In collaboration with the Graduate School, Duke Law School offers the opportunity to pursue a JD/PhD dual degree. Formal JD/PhD programs are in place with the departments of Political Science and Philosophy, and arrangements with other departments may be available on an ad hoc basis. Candidates apply separately to the Law School and the Graduate School and receive independent admission decisions.
In most cases, the JD/PhD can be completed in six years. However, the timeline is flexible, varying most significantly with the amount of time it takes to complete the doctoral dissertation. Students must complete 72 law credits (rather than the 84 required for JD-only candidates), including the full first-year curriculum, and satisfy all other Law School graduation requirements.
PhD in Political Science
Since its inception, the Department of Political Science has aimed to integrate normative, empirical, theoretical, and policy concerns. The department offers training in five broad sub-fields: Behavior and Identities; Political Institutions; Political Economy; Security, Peace & Conflict; Political Methodology; and Normative Political Theory. Students can also integrate courses of study around a common theme, such as Race, Ethnicity, and Politics; or Religion and Politics.
PhD in Philosophy
The Department of Philosophy has a faculty with expertise in the philosophy of law, political philosophy, science policy studies, bioethics, normative ethics and metaethics, and moral psychology. Students may specialize in the philosophy of mind, psychology, biology, or science; the history of philosophy; epistemology, logic, metaphysics, ethics, political philosophy, and philosophy of law.
Dual degree students who matriculate in the Law School before summer 2013 are required to complete 72 credits in the Law School. Students who matriculate in a dual degree program on or after summer 2013 are required to complete 75 law credits.
Other requirements include:
- Taking all required 1L courses (view 1st Year Curriculum)
- Two credits of ethics courses (view JD Ethic Requirements)
- Professional Skills Requirement
- 4. JD upper-level writing requirement (See Law School Rule 3-31)
- Requirements specific to degree program and department
For all dual degrees, the Law School and the joint department or school each reduce the number of required credits in recognition of the students' coursework completed in the joint discipline. JD/PhD candidates who matriculate in the Law School on or after summer 2013 must complete 75 law credits, rather than the 87 law credits required for JD-only candidates. (Dual degree students who matriculated prior to summer 2013 must earn 72 law credits.) The other school within Duke awarding the dual degree typically reduces its requirements in similar fashion. (For details regarding the non-law credit requirements for a specific dual degree program, please visit the web site of the particular University department or school involved.) Dual degree candidates generally save a full year of study that would otherwise be required if they earned their two degrees consecutively.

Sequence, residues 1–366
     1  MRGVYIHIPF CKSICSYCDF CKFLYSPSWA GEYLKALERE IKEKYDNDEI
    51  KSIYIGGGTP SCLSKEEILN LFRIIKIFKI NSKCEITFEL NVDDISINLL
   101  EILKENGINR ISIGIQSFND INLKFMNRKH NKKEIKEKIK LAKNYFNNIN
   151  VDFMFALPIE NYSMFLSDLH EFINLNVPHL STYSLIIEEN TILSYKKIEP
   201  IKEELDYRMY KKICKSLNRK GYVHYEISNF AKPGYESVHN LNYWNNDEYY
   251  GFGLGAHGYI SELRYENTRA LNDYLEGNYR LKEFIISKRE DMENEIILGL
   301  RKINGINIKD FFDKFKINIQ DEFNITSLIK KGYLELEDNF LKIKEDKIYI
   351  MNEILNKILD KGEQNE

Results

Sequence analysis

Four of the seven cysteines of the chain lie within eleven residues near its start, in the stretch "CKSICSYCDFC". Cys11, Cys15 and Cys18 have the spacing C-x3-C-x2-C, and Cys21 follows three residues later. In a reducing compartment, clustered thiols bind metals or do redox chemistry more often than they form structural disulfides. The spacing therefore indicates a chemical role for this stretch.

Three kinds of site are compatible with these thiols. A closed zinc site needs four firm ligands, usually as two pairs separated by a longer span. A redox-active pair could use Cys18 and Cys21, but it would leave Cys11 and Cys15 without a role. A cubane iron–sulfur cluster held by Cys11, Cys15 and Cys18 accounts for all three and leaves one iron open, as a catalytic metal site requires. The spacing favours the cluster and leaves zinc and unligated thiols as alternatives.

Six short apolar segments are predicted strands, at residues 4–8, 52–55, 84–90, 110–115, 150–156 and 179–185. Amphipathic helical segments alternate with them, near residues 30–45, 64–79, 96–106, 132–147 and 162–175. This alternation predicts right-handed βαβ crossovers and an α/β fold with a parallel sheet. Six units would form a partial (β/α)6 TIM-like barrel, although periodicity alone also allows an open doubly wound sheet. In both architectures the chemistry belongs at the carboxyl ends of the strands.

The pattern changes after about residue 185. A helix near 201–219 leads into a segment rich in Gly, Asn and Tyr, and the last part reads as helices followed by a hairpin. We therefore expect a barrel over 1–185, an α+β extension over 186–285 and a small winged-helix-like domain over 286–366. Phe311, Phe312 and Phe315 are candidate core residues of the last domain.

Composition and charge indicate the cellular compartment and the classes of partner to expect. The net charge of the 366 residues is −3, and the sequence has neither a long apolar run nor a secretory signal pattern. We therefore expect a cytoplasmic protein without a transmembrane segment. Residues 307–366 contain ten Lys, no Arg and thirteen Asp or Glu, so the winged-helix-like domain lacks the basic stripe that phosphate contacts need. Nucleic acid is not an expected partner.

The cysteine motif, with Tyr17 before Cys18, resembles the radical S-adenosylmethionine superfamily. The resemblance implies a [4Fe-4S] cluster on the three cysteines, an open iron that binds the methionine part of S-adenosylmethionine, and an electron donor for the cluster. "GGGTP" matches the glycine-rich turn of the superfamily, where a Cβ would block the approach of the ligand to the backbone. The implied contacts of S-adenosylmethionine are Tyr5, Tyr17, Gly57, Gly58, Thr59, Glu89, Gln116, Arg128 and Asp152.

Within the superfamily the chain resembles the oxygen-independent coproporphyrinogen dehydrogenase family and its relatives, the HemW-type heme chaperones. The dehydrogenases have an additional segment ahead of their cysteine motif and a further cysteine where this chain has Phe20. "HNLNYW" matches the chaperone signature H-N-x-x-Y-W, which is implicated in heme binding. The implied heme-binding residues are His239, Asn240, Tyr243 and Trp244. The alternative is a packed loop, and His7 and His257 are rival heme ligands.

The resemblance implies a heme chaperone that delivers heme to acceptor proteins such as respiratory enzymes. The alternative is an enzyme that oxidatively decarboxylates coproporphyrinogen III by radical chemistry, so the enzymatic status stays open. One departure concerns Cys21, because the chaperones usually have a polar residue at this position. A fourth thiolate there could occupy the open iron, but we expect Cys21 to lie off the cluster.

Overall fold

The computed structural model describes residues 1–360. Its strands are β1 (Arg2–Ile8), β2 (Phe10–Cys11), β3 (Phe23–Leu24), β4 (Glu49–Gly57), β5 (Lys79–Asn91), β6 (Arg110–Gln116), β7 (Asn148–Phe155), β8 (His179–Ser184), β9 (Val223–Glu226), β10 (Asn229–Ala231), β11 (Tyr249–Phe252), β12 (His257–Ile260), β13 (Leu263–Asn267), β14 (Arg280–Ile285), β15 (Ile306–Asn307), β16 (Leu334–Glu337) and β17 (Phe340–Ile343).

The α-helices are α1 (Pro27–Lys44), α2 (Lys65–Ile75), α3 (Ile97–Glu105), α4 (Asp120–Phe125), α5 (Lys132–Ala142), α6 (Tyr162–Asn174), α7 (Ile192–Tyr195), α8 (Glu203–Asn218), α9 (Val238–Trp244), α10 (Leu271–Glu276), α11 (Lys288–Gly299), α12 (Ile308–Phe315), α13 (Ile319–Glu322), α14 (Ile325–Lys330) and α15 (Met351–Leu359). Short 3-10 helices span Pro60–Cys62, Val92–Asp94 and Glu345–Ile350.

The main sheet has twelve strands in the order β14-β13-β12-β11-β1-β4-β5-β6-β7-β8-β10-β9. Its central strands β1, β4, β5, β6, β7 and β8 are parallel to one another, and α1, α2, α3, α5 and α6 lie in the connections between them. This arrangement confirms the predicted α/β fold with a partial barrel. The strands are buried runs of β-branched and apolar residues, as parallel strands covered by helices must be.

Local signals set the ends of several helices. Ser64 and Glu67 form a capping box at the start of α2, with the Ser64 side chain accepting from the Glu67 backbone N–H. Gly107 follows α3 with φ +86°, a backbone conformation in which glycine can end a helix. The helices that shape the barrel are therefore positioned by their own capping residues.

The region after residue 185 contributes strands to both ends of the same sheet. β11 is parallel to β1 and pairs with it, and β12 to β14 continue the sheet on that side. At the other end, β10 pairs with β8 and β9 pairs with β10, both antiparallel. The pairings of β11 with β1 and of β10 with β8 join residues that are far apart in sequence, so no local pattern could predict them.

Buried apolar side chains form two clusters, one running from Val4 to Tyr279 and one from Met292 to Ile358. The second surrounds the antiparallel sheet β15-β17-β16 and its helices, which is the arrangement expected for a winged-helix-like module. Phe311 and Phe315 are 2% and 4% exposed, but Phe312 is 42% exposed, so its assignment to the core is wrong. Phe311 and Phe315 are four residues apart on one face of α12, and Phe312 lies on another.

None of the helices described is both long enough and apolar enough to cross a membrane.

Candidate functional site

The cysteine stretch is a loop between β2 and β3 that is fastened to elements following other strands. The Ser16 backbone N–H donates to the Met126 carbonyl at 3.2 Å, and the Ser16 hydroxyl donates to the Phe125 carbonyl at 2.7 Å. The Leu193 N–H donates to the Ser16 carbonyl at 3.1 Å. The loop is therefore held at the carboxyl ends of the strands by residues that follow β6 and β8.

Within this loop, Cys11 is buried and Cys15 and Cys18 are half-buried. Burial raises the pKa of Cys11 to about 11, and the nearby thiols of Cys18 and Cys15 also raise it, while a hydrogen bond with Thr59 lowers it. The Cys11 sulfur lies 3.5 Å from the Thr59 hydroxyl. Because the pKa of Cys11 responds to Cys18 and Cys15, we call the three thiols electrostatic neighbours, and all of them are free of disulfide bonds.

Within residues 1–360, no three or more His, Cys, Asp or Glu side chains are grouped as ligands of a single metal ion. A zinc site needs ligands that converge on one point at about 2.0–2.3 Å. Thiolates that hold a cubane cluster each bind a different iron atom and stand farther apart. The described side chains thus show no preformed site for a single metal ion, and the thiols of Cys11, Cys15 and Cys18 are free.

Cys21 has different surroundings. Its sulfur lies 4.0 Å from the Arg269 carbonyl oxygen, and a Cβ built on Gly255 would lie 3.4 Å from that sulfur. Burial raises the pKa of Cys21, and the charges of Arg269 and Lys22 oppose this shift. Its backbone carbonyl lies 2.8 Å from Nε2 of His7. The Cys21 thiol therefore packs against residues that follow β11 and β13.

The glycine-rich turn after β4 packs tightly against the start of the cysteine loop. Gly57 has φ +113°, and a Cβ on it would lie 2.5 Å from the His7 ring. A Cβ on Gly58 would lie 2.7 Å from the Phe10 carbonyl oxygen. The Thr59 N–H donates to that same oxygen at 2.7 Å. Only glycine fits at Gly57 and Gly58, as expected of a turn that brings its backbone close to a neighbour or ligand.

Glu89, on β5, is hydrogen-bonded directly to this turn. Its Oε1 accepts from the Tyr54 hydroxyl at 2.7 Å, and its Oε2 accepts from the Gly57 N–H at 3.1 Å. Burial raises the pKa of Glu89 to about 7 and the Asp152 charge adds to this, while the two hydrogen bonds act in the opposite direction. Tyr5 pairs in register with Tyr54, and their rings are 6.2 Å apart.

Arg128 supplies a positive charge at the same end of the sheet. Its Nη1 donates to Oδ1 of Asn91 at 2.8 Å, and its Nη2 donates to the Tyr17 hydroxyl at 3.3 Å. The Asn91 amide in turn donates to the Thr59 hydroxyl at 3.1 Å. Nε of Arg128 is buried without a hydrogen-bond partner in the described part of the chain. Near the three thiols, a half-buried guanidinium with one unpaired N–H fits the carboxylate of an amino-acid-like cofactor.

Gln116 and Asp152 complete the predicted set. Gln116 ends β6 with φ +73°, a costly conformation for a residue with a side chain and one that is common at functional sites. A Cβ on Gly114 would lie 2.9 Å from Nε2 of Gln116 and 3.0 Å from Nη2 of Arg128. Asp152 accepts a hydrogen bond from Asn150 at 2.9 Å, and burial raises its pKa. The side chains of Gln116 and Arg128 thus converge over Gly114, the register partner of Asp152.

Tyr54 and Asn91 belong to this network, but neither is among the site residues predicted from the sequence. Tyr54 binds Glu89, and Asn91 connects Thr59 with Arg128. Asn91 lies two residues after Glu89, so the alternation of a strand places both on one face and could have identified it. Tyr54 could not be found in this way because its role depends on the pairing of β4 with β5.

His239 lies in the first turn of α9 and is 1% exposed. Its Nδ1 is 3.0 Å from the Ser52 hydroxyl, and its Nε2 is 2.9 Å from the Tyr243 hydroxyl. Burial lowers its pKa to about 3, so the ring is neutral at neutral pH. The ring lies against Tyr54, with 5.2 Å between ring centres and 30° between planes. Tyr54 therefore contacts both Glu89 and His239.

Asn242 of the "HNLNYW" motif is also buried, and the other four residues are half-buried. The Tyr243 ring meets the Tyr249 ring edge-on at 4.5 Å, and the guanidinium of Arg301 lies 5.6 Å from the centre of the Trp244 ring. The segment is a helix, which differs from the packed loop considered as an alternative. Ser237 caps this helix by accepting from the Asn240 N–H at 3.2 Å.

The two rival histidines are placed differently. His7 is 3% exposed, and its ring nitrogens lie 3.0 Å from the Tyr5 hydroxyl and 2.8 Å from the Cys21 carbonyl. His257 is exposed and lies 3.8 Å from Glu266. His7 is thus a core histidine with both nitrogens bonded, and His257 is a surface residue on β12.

Pursuing a PhD jointly with a JD is an extremely rigorous undertaking reserved for students with high levels of focus, commitment, and dedication to their academic goals. PhD requirements vary from department to department, but most require at least two years of coursework plus a doctoral dissertation. Unlike JD/MA programs, all JD/PhD programs require applications to both the Law School and the appropriate Graduate School department. Most JD/PhD students earn their dual degrees in five or six years of study.
Candidates for the JD/PhD dual degree apply separately to Duke Law School and the Graduate School. Each school will complete its normal application review process, and you will receive a separate decision for each degree.
Many JD/PhD candidates apply simultaneously to the Law School and the Graduate School. It is also possible to apply to one program during the first year of study in the other, although admission to the dual degree is not guaranteed at any time.
If you are admitted to the Law School, but will not begin your legal studies that year, please let us know as soon as possible so that we can manage our class appropriately.
The LSAT is required for all Law School dual degree applicants. The GRE is required for all PhD applicants.